By Staff Sgt. Roger AshleyJanuary 14, 2015
VICKSBURG, Miss. - Army Reserve Soldiers from the Deployable Command Post One, 412th Theater Engineer Command, trained on basic Soldier movement and communication skills in Vicksburg, Miss., Jan. 11.
Their goal was to move tactically as a team, set up a temporary command post and communicate with headquarters using radio, video and phone capabilities.
Movement and communication are core fundamentals every Soldier must know. Army doctrine states every Soldier, regardless of rank, position and job, must be able to shoot, move and communicate to survive.
The Soldiers assembled in the early morning light for a head count, safety brief, to perform maintenance on their vehicles and become more familiar with newer up-armored vehicles. Though the movement was part of their training, their main objective was to set up communications.
Capt. John Anderson, construction effects officer, DCP One was mission leader for the day's training.
"I lead the convoy to the training site and the goal was to get training on tele-engineering kit, in which we were able to set up a rudimentary deployable command post and get re-familiar with communications and radio procedures," he said.
"Today we're doing peer-to-peer training with Soldiers who will be using the tele-engineering kit in the future," said Staff Sgt. Christopher Shaidnagle, a senior technical engineer with DCP One.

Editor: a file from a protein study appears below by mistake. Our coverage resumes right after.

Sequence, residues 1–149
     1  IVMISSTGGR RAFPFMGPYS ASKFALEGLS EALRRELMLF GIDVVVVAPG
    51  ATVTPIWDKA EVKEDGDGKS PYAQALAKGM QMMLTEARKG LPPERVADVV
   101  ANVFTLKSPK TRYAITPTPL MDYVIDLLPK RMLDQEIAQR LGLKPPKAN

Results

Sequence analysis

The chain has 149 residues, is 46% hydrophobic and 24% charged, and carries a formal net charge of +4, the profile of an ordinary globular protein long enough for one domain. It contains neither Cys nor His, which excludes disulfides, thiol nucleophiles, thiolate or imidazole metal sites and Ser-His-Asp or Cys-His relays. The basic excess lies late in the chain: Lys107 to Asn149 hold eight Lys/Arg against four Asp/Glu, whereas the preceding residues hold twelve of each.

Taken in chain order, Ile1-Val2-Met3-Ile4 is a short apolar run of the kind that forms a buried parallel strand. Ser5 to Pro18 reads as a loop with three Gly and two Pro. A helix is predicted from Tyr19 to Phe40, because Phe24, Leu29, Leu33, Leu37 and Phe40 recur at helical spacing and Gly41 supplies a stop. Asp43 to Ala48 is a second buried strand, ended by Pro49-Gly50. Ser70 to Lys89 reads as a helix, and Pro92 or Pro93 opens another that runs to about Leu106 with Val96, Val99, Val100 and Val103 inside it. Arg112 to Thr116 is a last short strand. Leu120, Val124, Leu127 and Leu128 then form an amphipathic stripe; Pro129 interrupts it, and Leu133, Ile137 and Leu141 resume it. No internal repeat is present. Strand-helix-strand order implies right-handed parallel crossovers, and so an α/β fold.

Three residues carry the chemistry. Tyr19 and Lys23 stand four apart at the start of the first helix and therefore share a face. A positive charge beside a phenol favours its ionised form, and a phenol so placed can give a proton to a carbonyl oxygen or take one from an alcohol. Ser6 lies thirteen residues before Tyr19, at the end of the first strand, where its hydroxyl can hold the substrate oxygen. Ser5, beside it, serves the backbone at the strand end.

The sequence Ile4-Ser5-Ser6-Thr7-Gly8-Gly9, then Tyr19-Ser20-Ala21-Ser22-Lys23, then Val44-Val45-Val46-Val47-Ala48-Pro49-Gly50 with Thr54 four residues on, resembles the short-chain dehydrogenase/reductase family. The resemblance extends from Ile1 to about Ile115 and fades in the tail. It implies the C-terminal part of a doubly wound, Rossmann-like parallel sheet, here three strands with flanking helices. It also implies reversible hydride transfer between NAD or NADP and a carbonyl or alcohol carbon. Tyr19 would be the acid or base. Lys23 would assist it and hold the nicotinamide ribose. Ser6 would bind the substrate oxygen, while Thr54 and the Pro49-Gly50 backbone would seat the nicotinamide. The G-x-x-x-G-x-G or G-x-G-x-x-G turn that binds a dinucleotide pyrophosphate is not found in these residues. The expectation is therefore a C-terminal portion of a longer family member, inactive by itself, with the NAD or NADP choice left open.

Shaidnagle, who served as the subject matter expert said, "What the tele-engineering tool kit provides is the opportunity to make a phone call, have internet capabilities and to do a video conference with your unit or experts back home."
The Army Corps of Engineers designed and deployed the communications kit and through their reach-back center serve as a switchboard for satellite communications that come through the tele-engineering tool kit to connect multiple parties or give expert advice.
"The neatest thing about the tele-engineering tool kit is if you need to make a phone call, it's there for you or if you need to get on the Internet, it's there," said Shaidnagle. "It's not necessarily your primary mode of communication, but it is a very good secondary. It's the fact that within five or 10 minutes you can make a phone call."
The training was a success, according to Anderson.
"Overall I was really happy how we pulled together as a team," he said. "We set the tent up and the command post up quickly. Staff Sergeant Shaidnagle was able to get some Soldiers trained on the equipment so we can branch out and expand our knowledge base."
Master Sgt. Ernest Green, a DCP One administrator was the first to try the communications kit.
"Staff Sgt. Shaidnagle did a great job instructing us," said Green. "That was my first time seeing the kit. It gave me an experience that I'll always remember."
While this was a great first experience for Green, this is only the beginning.
"We're building our capabilities within the DCP," said Shaidnagle. "This is the crawl phase of the Soldiers' training learning to deploy with the kit, familiarize with the components, do a functions check then redeploy back to the main body."
DCP One has begun the crawl phase; their next goal is to reach the walk phase, then the run phase, getting more proficient with the equipment in each stage.
"The next phase is to set up at our next weapon's qualification instead of just a few miles down the road," said Shaidnagle. "It'll be a little more of an austere environment. The run phase will be when we have a mission outside of Mississippi or the continental United States. That's what we're getting set up for. Our mission as the DCP, it gives the Army Reserve the opportunity to deploy into theater with all assets and operate at the command level."